VLANs: Understanding Layer-2 Virtual LANs

Layer-2 VLANs

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Which statement about layer-2 VLAN is true?



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A. B. C. D.


Layer 2 VLANs are a method of logically dividing a single physical switch into multiple virtual switches. Each VLAN is considered a separate broadcast domain, and devices in one VLAN cannot communicate with devices in another VLAN without routing. Here is a detailed explanation of the given statements:

A. VLAN cannot be routed. This statement is incorrect. VLANs can be routed with the help of a router or layer 3 switch. VLANs operate at layer 2 of the OSI model, and routing occurs at layer 3. Layer 3 switches are capable of routing traffic between VLANs, and routers can also be used for inter-VLAN routing.

B. VLANs 1006 through 4094 are not propagated by VTP version 3. This statement is true. VTP (VLAN Trunking Protocol) is a Cisco proprietary protocol used to propagate VLAN information across a network. VTP version 3 introduced support for extended VLANs (VLAN IDs 1006 to 4094), but these VLANs are not propagated by default. You need to enable extended VLAN propagation explicitly.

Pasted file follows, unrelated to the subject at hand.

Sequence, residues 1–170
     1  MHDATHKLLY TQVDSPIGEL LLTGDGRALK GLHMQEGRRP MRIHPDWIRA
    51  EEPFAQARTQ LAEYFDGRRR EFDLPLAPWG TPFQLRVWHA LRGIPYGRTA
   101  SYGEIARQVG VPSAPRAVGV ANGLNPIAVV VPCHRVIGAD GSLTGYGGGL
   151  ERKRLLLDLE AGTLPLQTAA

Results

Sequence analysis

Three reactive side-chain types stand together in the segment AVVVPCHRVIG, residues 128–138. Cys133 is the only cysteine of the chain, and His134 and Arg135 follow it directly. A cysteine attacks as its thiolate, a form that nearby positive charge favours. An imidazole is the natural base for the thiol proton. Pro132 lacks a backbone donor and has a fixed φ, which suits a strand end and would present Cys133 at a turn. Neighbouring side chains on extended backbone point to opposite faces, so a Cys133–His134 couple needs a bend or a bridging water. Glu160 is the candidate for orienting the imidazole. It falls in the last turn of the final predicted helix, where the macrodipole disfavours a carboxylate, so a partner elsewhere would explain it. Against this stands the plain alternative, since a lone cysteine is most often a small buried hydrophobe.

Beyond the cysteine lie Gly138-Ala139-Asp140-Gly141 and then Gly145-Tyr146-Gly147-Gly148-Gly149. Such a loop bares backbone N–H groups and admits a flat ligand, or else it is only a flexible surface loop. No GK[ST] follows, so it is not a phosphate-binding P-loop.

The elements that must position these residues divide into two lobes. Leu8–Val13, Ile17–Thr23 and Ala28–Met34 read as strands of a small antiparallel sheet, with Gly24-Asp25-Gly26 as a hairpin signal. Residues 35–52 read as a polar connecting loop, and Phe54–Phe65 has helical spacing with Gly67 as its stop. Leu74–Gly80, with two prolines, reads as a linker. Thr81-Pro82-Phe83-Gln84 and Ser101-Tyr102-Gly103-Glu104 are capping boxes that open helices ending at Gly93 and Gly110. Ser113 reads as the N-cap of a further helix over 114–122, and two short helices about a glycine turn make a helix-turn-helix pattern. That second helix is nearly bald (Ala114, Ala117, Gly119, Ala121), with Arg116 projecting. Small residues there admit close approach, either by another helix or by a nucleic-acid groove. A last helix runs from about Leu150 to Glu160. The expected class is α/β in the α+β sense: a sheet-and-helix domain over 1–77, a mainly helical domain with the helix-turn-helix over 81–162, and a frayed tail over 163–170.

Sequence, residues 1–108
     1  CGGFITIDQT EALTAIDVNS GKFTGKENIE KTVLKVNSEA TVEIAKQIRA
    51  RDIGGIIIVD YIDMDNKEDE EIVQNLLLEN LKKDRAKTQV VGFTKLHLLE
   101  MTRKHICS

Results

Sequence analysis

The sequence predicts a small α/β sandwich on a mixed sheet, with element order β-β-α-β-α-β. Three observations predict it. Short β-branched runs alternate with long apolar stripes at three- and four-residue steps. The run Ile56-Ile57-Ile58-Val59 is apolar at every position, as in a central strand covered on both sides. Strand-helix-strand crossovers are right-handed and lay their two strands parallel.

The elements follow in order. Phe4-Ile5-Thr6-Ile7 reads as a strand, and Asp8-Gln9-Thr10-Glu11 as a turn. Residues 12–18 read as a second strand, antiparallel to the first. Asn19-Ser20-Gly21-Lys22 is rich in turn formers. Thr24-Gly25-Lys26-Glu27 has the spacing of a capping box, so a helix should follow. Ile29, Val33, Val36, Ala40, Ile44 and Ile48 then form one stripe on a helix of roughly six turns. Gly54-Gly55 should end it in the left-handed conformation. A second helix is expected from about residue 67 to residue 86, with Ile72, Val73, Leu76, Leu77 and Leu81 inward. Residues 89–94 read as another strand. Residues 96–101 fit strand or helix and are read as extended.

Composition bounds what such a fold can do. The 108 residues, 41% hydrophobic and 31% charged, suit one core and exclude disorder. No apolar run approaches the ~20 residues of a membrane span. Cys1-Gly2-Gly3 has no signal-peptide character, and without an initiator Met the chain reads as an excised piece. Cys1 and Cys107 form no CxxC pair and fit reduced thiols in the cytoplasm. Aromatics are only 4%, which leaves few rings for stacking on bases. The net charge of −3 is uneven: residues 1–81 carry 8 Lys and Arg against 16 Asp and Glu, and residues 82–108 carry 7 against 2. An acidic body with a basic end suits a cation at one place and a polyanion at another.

C. VLAN1 is a Cisco default VLAN that can be deleted. This statement is incorrect. VLAN1 is a default VLAN that exists on all Cisco switches, and it cannot be deleted. VLAN1 is used for management traffic, and best practice is to avoid using it for user traffic.

D. The extended-range VLANs cannot be configured in global configuration mode. This statement is incorrect. You can configure extended-range VLANs (VLAN IDs 1006 to 4094) in global configuration mode on Cisco switches that support them. However, these VLANs are not propagated by default using VTP version 3, as mentioned in answer B.

Therefore, the correct answer to the question is B: VLANs 1006 through 4094 are not propagated by VTP version 3.